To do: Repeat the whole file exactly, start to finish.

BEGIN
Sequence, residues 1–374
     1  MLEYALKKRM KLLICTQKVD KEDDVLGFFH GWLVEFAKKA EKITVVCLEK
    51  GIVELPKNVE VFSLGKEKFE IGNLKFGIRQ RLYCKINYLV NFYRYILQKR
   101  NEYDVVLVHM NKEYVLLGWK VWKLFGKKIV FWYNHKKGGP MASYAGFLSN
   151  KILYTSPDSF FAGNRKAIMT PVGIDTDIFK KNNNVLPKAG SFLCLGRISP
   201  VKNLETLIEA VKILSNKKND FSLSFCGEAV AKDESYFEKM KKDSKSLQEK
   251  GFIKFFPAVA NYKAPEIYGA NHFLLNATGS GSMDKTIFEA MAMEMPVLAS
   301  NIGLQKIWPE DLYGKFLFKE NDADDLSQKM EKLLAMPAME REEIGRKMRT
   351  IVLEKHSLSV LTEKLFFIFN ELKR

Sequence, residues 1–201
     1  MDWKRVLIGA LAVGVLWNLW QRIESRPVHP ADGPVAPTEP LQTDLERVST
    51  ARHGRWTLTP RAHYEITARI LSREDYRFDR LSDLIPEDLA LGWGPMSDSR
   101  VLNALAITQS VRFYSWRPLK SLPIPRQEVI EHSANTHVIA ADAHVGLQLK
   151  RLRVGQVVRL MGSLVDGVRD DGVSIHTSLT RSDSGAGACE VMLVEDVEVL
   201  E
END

Sequence, residues 1–374
     1  MLEYALKKRM KLLICTQKVD KEDDVLGFFH GWLVEFAKKA EKITVVCLEK
    51  GIVELPKNVE VFSLGKEKFE IGNLKFGIRQ RLYCKINYLV NFYRYILQKR
   101  NEYDVVLVHM NKEYVLLGWK VWKLFGKKIV FWYNHKKGGP MASYAGFLSN
   151  KILYTSPDSF FAGNRKAIMT PVGIDTDIFK KNNNVLPKAG SFLCLGRISP
   201  VKNLETLIEA VKILSNKKND FSLSFCGEAV AKDESYFEKM KKDSKSLQEK
   251  GFIKFFPAVA NYKAPEIYGA NHFLLNATGS GSMDKTIFEA MAMEMPVLAS
   301  NIGLQKIWPE DLYGKFLFKE NDADDLSQKM EKLLAMPAME REEIGRKMRT
   351  IVLEKHSLSV LTEKLFFIFN ELKR

Sequence, residues 1–201
     1  MDWKRVLIGA LAVGVLWNLW QRIESRPVHP ADGPVAPTEP LQTDLERVST
    51  ARHGRWTLTP RAHYEITARI LSREDYRFDR LSDLIPEDLA LGWGPMSDSR
   101  VLNALAITQS VRFYSWRPLK SLPIPRQEVI EHSANTHVIA ADAHVGLQLK
   151  RLRVGQVVRL MGSLVDGVRD DGVSIHTSLT RSDSGAGACE VMLVEDVEVL
   201  E